Skip to content

A Q&A on QAnon and the power of critical thinking

In this Following Up feature we reconnect with philosophy professor and author Christopher DiCarlo to get some tips for using critical thinking skills to debunk and respectfully discuss conspiracy theories with family and friends

There is nothing new about conspiracy theories. They have existed in one form or another since the dawn of civilization, but they are gaining fertile new ground on social media and have even taken root in the tweets and speeches of the president of the United States.

“It’s not just your whacky Uncle Dave anymore spouting off his wild ideas at Thanksgiving,” said philosophy professor and author Christopher DiCarlo.

“It is one thing for your uncle to be screaming vitriol about the Deep State or the New World Order and another for him to arm himself like Edgar Maddison Welch and drive from North Carolina to the Comet Ping Pong Pizzeria in Washington to shoot up the place. Once beliefs move people to violent action, we’re at another level.”

Welch was driven by a conspiracy theory perpetuated by Q, an anonymous person purported to be a high-ranking government official, and the associated group QAnon. They claim, among other things, that elite liberals in the government, Hollywood and the mainstream media are part of a human-trafficking, pedophile ring that drinks the blood of children to stay young and powerful.

QAnon theories have spawned thousands of websites with millions of followers worldwide.

They claim President Trump is leading Q’s efforts to expose the satanic deep state and that he regular communicates with them in coded language called “Q-drops and crumbs.”

Trump has yet to clearly deny these claims or disavow QAnon even after the FBI identified it as a domestic terror threat. The group has inspired acts of violence and intimidation and spreads disinformation about a variety of issues including the science behind COVID 19, climate change and vaccination programs.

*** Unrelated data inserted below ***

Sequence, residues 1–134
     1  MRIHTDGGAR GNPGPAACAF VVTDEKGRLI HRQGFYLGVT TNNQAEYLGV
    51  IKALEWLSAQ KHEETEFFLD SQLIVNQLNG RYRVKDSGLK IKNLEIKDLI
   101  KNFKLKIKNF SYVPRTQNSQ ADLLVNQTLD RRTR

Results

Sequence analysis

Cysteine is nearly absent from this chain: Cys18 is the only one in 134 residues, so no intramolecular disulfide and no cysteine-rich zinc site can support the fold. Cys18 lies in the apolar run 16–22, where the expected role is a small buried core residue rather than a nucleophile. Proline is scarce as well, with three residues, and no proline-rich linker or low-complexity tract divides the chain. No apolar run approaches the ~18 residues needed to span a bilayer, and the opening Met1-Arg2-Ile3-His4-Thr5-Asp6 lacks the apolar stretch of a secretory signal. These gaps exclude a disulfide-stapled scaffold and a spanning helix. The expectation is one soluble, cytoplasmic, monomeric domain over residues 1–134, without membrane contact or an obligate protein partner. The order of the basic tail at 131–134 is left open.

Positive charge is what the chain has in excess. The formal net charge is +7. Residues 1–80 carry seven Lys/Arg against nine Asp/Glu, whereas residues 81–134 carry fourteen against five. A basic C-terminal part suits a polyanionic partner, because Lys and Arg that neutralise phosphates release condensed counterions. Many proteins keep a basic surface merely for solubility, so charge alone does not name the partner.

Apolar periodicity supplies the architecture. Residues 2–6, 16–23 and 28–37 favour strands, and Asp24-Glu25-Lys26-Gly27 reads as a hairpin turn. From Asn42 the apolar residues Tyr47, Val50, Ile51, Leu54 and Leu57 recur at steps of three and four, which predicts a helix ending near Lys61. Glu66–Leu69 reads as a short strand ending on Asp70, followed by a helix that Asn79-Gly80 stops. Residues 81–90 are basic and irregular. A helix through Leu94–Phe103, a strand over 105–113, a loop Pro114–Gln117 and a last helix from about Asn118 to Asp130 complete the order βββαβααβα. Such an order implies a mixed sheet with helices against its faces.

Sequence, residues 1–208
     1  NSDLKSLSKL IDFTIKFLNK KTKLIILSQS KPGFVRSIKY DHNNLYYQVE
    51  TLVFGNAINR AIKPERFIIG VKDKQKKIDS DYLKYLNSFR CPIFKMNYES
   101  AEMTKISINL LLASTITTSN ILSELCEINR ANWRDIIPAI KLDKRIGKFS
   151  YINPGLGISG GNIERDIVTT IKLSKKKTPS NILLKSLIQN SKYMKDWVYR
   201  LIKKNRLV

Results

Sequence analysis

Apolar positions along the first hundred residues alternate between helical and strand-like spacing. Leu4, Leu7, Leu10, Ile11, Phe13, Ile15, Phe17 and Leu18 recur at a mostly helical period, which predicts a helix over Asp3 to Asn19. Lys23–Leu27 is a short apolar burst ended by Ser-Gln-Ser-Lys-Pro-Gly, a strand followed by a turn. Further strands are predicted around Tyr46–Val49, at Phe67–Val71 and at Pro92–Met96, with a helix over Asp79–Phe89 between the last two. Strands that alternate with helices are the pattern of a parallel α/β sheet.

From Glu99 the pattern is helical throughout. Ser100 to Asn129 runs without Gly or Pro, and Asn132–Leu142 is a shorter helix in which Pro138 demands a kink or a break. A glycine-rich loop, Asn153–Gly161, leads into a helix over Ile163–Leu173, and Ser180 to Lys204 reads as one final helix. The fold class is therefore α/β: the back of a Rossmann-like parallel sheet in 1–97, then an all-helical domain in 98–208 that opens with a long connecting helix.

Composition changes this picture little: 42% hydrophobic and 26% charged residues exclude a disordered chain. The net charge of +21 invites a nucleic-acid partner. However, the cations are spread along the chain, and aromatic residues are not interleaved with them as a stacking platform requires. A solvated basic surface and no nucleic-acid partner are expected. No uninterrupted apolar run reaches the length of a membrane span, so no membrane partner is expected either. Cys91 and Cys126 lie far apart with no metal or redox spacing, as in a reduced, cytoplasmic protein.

Any efforts by investigative journalists to challenge their theories are dismissed by Q supporters as fake news.

“Right off the bat they are not playing fairly,” said DiCarlo. “They are not abiding by the rules of critical thinking and saying, ‘I agree that my ideas need to apply to criteria of consistency, relevance, reliability, simplicity and sufficiency’. Instead, they say, ‘You are a part of the problem if you aren’t believing what I believe.”

When GuelphToday last spoke to DiCarlo, in the summer of 2017, he had just returned from Ireland where he was invited to speak with Irish president Michael Higgins about the benefits of teaching critical thinking skills to children.

In his latest book So You Think You Can Think, DiCarlo lays out “tools for having intelligent conversations and getting along."

He believes it is essential that we learn critical thinking skills early in life, so we are less susceptible to deception and superstition, including junk science and baseless conspiracy theories, but what do you do when these beliefs have already taken root?

“I get that question the most on tours and speaking engagements,” said DiCarlo. “How do you have an intelligent conversation with somebody not willing to listen?”

It might be tempting to ridicule people who hold Donald Trump up as the champion of truth and selfless moral values while claiming Tom Hanks and Oprah Winfrey are vampiric illuminati, but DiCarlo advises against it.

“You can’t appear to be trying to bring their status down,” he said. “They have done this to elevate their status and you have to gradually demonstrate to them that status and empowerment can be gained through critical thinking and through careful reflection and understanding of the way the world is actually working.”

He recommends appealing to their sense of logic, fairness and respect for the truth. Many of the people who get led down the rabbit hole of conspiracy theories are motivated by a genuine concern for the safety and security of their family and friends.

“Conditions of the pandemic combined with a perceived crazy and chaotic world is making many people feel like the world and their lives are out of control,” he said. “These theories offer a feeling of empowerment and it is also known as the proportionality fallacy where big events have to have big causes.”

Many conspiracy theorists like to think of themselves as serious researchers but all too often they are guilty of confirmation bias where they only accept information that confirms what they already believe.

DiCarlo writes about this in his book So You Think You Can Think and provides a list of sources and sites used by students, researchers and journalists looking for the facts about conspiracies and other forms of disinformation circulating online.

Healthy skepticism is a good thing but your conclusions, especially regarding such extraordinary claims, should hold up to basic scrutiny. A legitimate researcher accepts the facts and is prepared to admit they are wrong if the evidence supports that conclusion.

“There is also the fact that every now and then a conspiracy theory turns out to be true,” said DiCarlo.